Wednesday, January 21, 2015

Balls lose pressure in the cold

Regarding deflate-gate

Amounton's Law says

"The pressure of a gas of fixed mass and fixed volume is directly proportional to the gas's absolute temperature."

So P/T = Constant

For comparing the same substance under two different sets of conditions, the law can be written as:

P1/T1 = P2/T2

I'm also going to do this in metric to avoid other potential errors. And I apologize that I am 30 years from doing this sort of work

12.5 psi = 86.18 kPa ( kiloPascals)
75F=23.89C = 297.04K
30F=-1.11C = 272.04K


86.18/297.04 = P2/272.04
0.29= P2/272.04
78.93kPa= 11.45PSI

Temperature change from 75F to 30F degrees would result in a football ball losing ~1 pound of pressure per square inch.

Now this does not account for ALL of the claimed 2lbs PSI that was measued as having been lost -- but we don't know that the ball began at 12.5 -- what if they began at 12? What if they were inflated in a 78 degree room?

I think early calls dismissing temperature as a force are hasty.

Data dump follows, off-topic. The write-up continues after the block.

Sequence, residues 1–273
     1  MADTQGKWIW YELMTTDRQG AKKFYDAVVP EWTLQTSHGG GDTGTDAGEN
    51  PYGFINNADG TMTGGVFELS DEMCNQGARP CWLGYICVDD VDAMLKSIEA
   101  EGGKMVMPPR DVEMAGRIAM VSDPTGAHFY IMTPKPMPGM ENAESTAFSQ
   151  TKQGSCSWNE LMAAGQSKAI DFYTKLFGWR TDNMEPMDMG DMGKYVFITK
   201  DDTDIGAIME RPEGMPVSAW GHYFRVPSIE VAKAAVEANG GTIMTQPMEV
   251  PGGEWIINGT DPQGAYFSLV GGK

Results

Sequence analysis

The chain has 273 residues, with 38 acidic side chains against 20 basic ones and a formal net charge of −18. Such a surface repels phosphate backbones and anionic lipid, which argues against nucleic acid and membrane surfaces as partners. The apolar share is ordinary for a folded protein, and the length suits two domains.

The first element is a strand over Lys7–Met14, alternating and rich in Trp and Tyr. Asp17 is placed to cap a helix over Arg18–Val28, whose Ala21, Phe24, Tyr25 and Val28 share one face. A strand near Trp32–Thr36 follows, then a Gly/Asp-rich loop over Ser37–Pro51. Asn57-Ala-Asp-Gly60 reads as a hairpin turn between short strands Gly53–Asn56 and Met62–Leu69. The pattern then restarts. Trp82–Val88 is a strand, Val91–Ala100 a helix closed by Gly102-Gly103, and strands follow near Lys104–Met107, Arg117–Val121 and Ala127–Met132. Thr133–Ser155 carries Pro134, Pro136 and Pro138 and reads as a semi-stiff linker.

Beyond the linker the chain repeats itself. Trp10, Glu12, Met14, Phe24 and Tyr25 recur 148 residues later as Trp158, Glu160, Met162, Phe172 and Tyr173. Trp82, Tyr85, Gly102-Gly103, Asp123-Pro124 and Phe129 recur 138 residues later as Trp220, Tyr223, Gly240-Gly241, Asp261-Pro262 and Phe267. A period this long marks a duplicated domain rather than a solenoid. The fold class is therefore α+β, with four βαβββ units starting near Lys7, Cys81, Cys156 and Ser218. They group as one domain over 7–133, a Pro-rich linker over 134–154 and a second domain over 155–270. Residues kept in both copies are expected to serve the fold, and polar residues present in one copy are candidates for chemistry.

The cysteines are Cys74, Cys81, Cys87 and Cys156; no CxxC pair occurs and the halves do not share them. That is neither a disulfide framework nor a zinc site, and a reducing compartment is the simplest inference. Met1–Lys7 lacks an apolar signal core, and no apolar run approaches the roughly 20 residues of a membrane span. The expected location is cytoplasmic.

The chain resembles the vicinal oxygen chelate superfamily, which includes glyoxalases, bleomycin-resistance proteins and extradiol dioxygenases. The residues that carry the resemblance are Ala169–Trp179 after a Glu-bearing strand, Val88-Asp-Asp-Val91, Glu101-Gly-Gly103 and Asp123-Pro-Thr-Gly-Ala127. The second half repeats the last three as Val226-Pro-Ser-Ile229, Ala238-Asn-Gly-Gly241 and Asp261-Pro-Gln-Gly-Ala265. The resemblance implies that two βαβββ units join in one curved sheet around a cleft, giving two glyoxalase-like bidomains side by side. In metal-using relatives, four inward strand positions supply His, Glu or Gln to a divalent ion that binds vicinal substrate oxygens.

Someone pointed out that

Pressure gauge= Pressure absolute - Pressure atmosphere
which means I need to do my calculations with absolute pressure to use the Ideal Gas Law

Atmospheric pressure is 14.7 psi

12.5 + 14.7 = 27.2psi = 187.54 kPA

187.54/297.04 = P2/272.04
0.29= P2/272.04
171.76kPa= 24.91psi
subtract atmospheric pressure and
24.91-14.7= 10.21psi


A ball inflated at 75 degrees to 12.5 psi will be 10.2 psi at 30 degrees!!!  This matches the readings by the NFL Officials!!


Temperature at game time was 50F, which is 282K

187.54/297.04 = P2/272.04
171.76kPa= 25.82psi
subtract atmospheric pressure and
25.82-14.7= 11.15psi

A ball inflated at 75 degrees to 12.5 psi will be 11.15 psi at 50 degrees!!!  


Jeremy Higdon said...

The end-game temperature was in the upper 40s, so the numbers would have changed again.

Not sure by how much, but i've heard rumors of 47/48F at agme end.

Gary thegreatone said...

Glad to see that you corrected for absolute pressure. We do not know a lot of things about the method and conditions of the measurements. Sticking to just the temperature issue for a moment, the rain falling through very cold air higher in the atmosphere would be much colder than ground air conditions.Not below freezing but possibly close. If you assume 10F colder rain (38F) then you would get an expected 2 Deg F drop.

Gary thegreatone said...

Minor correction to the above post. You would get "an expected 2 psi drop"

Unknown said...

Also worth mentioning that leather expands when wet, increasing volume and thus decreasing pressure even further.